Having a system for soliciting and collecting positive feedback can make a real difference to an organisation. Clients should be asked directly after a project is completed, as part of the process. Even more important, a way of organising and maintaining testimonials electronically should be devised, so that presenters can gain access to the relevant quotes or press cuttings when the time requires.
The most efficient way of managing testimonials is via a slide hosting system. Instead of just collecting the quotes as they appear, they should be produced as slides, ready to be positioned within a sales presentation – already on-brand. Good slide banks also allow searching, so that by typing in a keyword, or selecting industry or another pre-defined category, the user can easily identify the slides that would be most applicable for any given prospect.
Crucially, sales managers need to really make sure that they have a working system in place. It is not enough to simply pick up the odd quote here and there – actively seek, process and arrange your testimonials, so that you can easily identify the most effective justification for each opportunity.
Any purchase involves a leap of faith, and as a salesperson, your job is to alleviate the prospect’s doubts. Using testimonials to demonstrate how you have solved similar problems in the past will help reassure your audience that you can do so for them – by justifying your claims effectively.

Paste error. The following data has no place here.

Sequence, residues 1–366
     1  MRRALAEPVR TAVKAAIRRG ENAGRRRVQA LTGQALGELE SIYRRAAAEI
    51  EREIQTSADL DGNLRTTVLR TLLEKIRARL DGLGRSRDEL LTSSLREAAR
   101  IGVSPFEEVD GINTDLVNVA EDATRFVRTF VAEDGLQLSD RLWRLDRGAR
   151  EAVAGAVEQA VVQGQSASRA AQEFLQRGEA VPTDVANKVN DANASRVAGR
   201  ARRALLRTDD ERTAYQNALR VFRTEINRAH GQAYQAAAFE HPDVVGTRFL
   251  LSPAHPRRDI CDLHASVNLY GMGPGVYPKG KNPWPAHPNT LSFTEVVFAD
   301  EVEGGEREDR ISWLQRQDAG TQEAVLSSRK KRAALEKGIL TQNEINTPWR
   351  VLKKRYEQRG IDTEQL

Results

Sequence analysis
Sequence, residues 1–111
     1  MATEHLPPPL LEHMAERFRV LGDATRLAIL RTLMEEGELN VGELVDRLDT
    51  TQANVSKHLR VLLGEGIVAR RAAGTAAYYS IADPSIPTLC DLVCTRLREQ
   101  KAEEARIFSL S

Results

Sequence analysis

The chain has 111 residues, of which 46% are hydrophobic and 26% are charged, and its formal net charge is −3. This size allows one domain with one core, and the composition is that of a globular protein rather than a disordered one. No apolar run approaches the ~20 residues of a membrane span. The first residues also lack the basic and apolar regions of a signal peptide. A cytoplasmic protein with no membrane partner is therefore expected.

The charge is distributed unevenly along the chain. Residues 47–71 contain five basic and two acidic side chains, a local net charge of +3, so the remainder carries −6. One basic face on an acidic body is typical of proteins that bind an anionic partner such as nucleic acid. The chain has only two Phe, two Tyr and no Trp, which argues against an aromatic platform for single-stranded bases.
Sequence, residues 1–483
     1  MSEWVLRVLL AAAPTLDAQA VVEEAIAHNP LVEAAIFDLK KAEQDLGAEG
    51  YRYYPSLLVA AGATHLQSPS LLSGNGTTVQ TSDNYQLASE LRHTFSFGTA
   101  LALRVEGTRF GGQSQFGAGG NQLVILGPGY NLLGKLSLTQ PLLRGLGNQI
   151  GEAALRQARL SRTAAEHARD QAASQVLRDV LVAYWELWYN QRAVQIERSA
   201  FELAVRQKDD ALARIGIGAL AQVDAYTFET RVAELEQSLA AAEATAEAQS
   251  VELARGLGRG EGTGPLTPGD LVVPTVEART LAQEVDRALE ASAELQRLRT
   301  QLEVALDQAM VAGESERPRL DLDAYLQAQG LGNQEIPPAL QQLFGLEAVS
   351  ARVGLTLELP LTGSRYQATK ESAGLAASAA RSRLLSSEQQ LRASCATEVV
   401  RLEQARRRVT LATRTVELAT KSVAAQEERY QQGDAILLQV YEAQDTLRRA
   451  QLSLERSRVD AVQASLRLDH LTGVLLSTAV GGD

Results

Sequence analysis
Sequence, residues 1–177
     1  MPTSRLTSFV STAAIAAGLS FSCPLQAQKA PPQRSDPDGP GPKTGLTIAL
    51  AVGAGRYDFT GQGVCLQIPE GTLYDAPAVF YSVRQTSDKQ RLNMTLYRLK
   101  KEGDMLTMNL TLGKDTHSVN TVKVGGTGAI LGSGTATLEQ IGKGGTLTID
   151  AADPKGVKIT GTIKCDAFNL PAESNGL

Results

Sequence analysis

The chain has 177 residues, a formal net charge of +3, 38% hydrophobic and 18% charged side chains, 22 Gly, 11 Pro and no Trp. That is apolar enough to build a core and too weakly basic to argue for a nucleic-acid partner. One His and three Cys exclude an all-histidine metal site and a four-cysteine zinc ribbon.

Business to business will get you in the customer’s door, but won’t make the sale. Clear sales messages are needed to help influence buyers.
Developing an effective sales presentation can help generate insights for your business strategy. Develop a clear value proposition, to improve presentation and steer your business.
First of six sales presentation tips articles. 12 tips on sales presentation content and messages, drawn from the best presentation and sales books and blogs.
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Chris Richardson, Customer Marketing Manager, Gaymer Cider Company
When we presented to our own team at the annual conference, we had audience members afterwards commenting on how interesting it was, and mentioning specific numbers. The fact that they could remember the details showed how effective the presentation had been.